- general body pain
If you suspect that your dog has eaten nutmeg, you should first determine how much was consumed. So, make sure that you check leftovers and observe your canine for fast symptoms and signs. Depending on the amount you should react fast, or not.
Again, it all depends on the amount. Still, calling your veterinarian and sharing your concern should be the following step.
Your veterinarian may suggest you induce vomiting or to get to the animal hospital immediately.
Spices And Dogs Don’t Go Hand By Hand
In general, feeding dogs with human foods is not a good idea. the list of forbidden food for dogs is extremely long, and your canine can easily grab something that could make him ill. This applies to spices and food with spices.
Sometimes what’s right for a human is never suitable for dogs.
In general, any food with spices should never be present for dogs. It’s the safest to use specially designed dog treats when you want to reward your canine.
The Bottom Line
Never give any food to your dog if there is nutmeg. Also, if you think that there is a slight possibility of nutmeg being in any food, don’t serve it to your canine.
Spices to dogs are highly toxic, especially nutmeg, and can potentially affect a dog’s nervous system.
In some cases, if high amounts of nutmeg, or any spice, are ingested, the outcome maybe death. Always keep nutmeg away from the dog’s reach.
Frequently Asked Questions On Dogs And Nutmeg
1. How Much Nutmeg Will Hurt A Dog?
If your dog licks nutmeg or eats something with a minimal amount of nutmeg, you may notice symptoms in the first 48 hours. On the other hand, a significant amount of nutmeg can harm your dog seriously.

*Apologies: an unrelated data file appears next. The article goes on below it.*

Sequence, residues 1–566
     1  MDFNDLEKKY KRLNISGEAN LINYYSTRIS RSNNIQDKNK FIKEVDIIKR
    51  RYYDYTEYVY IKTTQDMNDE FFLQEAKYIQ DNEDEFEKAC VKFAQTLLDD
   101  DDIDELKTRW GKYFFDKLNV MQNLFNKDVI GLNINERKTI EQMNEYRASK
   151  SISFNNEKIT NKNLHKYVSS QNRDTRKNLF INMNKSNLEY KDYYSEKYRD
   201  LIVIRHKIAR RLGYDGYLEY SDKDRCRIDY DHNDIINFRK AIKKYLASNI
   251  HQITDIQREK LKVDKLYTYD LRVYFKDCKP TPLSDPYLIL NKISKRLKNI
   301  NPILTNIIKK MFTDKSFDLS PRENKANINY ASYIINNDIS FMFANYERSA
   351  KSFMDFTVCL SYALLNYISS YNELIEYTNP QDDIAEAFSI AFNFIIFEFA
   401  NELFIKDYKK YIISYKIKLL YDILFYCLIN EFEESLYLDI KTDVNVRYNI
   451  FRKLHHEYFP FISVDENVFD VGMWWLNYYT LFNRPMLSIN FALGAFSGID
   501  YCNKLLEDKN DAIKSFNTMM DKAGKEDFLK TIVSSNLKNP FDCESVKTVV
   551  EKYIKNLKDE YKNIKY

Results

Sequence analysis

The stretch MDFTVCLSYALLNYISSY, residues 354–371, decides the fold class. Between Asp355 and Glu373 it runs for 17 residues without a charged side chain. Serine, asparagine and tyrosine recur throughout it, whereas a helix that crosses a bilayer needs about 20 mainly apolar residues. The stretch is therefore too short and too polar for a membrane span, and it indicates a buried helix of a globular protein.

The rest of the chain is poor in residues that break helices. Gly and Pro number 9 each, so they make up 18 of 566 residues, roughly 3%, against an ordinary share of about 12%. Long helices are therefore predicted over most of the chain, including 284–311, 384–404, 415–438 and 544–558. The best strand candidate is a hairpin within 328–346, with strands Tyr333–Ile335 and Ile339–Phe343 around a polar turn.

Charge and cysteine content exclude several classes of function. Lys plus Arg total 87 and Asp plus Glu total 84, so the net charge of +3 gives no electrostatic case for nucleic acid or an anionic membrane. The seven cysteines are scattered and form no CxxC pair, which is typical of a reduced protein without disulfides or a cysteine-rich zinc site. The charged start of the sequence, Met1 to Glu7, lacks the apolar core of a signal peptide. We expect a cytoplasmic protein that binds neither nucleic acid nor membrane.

If your dog consumes nutmeg by accident, make sure that you call your veterinarian immediately. Also, keep an eye on the dog until you reach the veterinarian’s office.
2. Can Nutmeg Kill A Dog?
Nutmeg is fatally toxic for dogs. Of course, for the fatal outcomes, your dog should ingest a large amount of nutmeg. Therefore, to avoid any problem, avoid giving nutmeg to your dog.
This applies to food with nutmeg such as bread, soups, pie, store-bought foods like soup and nutmeg itself.
Make sure that nutmeg is always placed in a safe place.
3. Can Dogs Eat Cinnamon And Nutmeg?
Overall, cinnamon is not toxic to dogs, but it’s still considered to be a spice. That being said, it’s best to avoid giving your dog any food with cinnamon and nutmeg.
As you may know, in large amounts, nutmeg can create hallucinations and high heart rates in dogs.
4. What Happens If A Dog Eats Nutmeg?
The small amount of nutmeg in baking recipes is highly unlikely to cause severe toxicity.
Still, even the tiny amount can stomach upset, more severe than diarrhea. On the other hand, if a large amount of nutmeg is ingested, then it can lead even to a fatal outcome.
5. How Much Nutmeg Can A Dog Eat?
Since nutmeg is harmful to dogs, no nutmeg should ever be given to dogs.
If your dog still manages to eat nutmeg or some human foods with nutmeg, you should contact a veterinarian and observe your dog carefully for symptoms.